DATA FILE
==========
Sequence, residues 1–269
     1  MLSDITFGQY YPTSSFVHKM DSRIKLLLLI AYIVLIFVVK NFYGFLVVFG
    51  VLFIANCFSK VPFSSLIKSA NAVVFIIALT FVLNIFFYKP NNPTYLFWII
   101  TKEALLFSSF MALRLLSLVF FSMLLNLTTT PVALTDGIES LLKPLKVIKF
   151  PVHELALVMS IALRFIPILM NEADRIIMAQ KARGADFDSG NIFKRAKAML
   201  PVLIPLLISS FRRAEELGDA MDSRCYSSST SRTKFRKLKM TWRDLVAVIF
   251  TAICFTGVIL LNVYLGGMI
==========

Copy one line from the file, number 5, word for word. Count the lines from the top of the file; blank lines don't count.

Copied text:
   151  PVHELALVMS IALRFIPILM NEADRIIMAQ KARGADFDSG NIFKRAKAML